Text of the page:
Thick: These are the jeans that you don’t wash for ages and while they may seem tough at first, they melt into your body after months of wear. Dark, raw selvedge denim… it has a special following, and for good reason. They are also usually the most costly, and definitely the heaviest. Some brands like Marc by Marc Jacobs and even Ralph Lauren have their own selvedge pieces… but the brands that specialize in them are the ones to go to.

Thick (Selvedge) Denim: Nudie, Evisu, Kicking Mule, Simon Miller, Denim Design Lab

Please note that even though a brand is in one section, that doesn’t mean that they ONLY make denim in that weight. J Brand has some straight light weight pieces while my pair of Denim Design Labs are in the medium weight range (yes, even though they’re selvedge). Trial and error is really what works best, but this is a loose guide to help you figure out and gauge what denim you might like to try.

Find your favorite pair, and judge it on the scale of weight. Let it be your guiding tool for choosing denim brands that are right for you… but don’t be afraid to step out of your safety zone!

If you’ve never tried selvedge denim, find a pair and try them out. I highly recommend Denim Design Lab. And summer is a great time to get out of your Nudies and into some Rich & Skinny jeans.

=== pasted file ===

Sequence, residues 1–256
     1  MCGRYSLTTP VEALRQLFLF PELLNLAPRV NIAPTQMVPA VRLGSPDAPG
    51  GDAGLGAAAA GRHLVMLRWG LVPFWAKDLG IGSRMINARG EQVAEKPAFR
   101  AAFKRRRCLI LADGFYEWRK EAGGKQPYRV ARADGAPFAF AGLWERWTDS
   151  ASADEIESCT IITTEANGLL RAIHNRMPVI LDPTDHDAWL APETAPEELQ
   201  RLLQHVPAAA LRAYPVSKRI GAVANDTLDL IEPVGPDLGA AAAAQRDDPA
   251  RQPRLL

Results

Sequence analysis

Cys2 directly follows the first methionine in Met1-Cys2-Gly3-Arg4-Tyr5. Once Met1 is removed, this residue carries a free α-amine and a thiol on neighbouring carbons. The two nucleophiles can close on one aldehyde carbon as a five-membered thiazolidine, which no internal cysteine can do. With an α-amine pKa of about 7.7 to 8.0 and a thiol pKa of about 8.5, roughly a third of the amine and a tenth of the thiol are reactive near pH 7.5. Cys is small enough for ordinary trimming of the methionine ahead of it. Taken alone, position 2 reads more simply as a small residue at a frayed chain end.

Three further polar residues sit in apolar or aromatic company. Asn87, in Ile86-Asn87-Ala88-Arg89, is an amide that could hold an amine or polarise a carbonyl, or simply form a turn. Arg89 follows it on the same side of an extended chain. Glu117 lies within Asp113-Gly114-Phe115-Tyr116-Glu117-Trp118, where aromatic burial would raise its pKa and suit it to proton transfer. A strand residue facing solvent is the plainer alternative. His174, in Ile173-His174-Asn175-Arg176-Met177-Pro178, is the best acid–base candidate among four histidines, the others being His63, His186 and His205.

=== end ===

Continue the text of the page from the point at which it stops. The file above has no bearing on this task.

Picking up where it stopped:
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{ 4 comments… read them below or add one }

Rachelle February 20, 2012 at 1:56 pm

How wide is a yard of denim? Bolts come in different widths according to wikipedia. I hope the width is 36 inches. That would mean a square yard is the true dimension for mearsuring the denim weight.


B Lilley June 3, 2012 at 3:44 pm

You say: often, but not often enough do jeans makers list the weight of their denim. Like when DO THEY? There should be a LAW that mandates the obvious labeling of this information so manufacturers could no longer cut quality without being exposed. Too long have consumers been shielded from the truth of product cheapening. It’s time for them to arm themselves with knowledge, but manufacturers are fighting against revealing anything that may expose them as being cost-cutting cheapskates. Consumers, know this: Refuse to purchase cheapened, downsized goods, and feel proud of avoiding obvious attempts to make you pay more for less.


Margaret April 7, 2013 at 1:34 pm

Ah, but where does one find denim FABRIC that’s over 16oz? Especially all-cotton, ring-spun or preferably ring-ring, and preferably sanforised?

I’ve been going mad looking for it. *Someone* must sell it for those who want to make our own jeans!


Doug October 25, 2013 at 1:54 pm

Thanks for the info. I remember (or I think I do) that my Levis 501′s back in 1970′s & 1980′s were thicker than than 2013 version of the 501′s. Did this happen in 1994 when Levi left the US or did it happen at another time or not all. The levi label shows two horses trying to tear a pair of 501′s apart. Are you kidding me? Todays 501′s would be torn to shreds. Is that false advertising? Anyways, do you know what old Levi’s weighed in comparison to today’s Levi’s & what do you think about hemp jeans.